master.sys.allocation_units B;

SELECT [INSERT...SELECT] = DATEDIFF(MILLISECOND, @StartTime, GETDATE());

GO
DROP TABLE #Tally;


'Improved' version of the second query (load then index) is:
--
-- Load then create index
-- (fastest on 2005)
--

IF OBJECT_ID(N'tempdb..#Tally', N'U')
IS NOT NULL
BEGIN
DROP TABLE #Tally;
END;
GO
DECLARE @StartTime DATETIME;
SET @StartTime = GETDATE();


SELECT TOP (10000)
ISNULL(ROW_NUMBER() OVER(ORDER BY (SELECT 1)), -1) AS N
INTO #Tally
FROM master.sys.allocation_units A,
master.sys.allocation_units B;

ALTER TABLE #Tally
ADD PRIMARY KEY CLUSTERED (N)
WITH
FILLFACTOR = 100;

SELECT [SELECT...INTO] = DATEDIFF(MILLISECOND, @StartTime, GETDATE());
GO
DROP TABLE #Tally;

Typical run times on 2008:
Query 1: 13ms
Query 2: 23ms

Typical run times on 2005:
Query 1: 96ms
Query 2: 20ms

Paul




Paul White
SQL Server MVP
SQLblog.com
@SQL_Kiwi
Post #969333
Posted Saturday, August 14, 2010 12:57 AM


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Gentlemen, thanks for the answers. I have more questions. I will post them a little later. I am currently using my phone to browse. I would like to add that I found creating the primary key after the bulk insert slower in this case. I am sorry for the delay in my response. I will update soon.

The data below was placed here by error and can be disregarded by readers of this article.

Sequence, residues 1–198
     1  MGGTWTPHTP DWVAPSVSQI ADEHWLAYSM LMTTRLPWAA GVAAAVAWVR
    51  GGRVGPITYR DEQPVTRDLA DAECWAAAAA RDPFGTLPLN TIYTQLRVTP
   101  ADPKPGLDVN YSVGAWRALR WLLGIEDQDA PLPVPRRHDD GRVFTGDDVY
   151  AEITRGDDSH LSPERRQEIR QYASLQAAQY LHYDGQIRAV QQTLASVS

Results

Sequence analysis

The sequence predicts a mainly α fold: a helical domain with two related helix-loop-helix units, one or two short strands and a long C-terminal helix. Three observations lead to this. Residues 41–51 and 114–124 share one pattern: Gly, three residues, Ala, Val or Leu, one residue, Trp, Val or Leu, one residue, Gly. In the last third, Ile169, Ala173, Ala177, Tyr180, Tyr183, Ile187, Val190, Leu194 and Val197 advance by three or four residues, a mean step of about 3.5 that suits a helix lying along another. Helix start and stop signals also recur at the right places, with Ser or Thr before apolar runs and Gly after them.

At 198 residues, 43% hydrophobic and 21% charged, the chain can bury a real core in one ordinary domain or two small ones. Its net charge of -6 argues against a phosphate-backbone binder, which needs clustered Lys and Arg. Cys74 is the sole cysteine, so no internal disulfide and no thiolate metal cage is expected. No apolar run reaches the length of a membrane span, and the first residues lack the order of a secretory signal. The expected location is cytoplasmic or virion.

- arjun
Post #969364
Posted Monday, August 16, 2010 12:22 AM


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Thanks a lot for the response Steve. I am sorry I took some time to post. Weekend Fever!!

sjimmo (8/13/2010)

I would definitely create my indexes/PK's after the data is loaded. That way the statistics will be up to date and provide a better query plan. From what you said, your own testing has verified this.


No, in the sample I had posted, index creation after insertion took more time but, I think there were other factors at play, as Paul has explained. Say, I create the index in the table definition. How will that affect statistics or query plan? If temporary tables are used, execution plan will be changed once the table has data, won't it be? (Ref: http://support.microsoft.com/kb/243586)


There is one issue which I have run into, and that is when the table is created and the indexes/statistics are created - If you need to delete and reload the data, then the queryplan can be way of. Also, I have run into an issue where deleting the data from a table and recompiling the stored procedures on that table, whether temp or permanent, the query plan has been way off.